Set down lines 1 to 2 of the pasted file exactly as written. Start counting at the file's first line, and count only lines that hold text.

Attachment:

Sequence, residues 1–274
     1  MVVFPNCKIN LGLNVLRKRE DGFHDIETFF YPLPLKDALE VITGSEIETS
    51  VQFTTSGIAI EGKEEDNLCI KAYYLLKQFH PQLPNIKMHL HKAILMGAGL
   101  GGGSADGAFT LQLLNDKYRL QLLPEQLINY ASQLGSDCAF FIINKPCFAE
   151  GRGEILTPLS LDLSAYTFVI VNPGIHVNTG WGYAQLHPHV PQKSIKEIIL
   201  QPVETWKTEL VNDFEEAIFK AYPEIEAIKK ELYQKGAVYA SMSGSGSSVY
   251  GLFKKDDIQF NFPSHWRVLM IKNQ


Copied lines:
Sequence, residues 1–274
     1  MVVFPNCKIN LGLNVLRKRE DGFHDIETFF YPLPLKDALE VITGSEIETS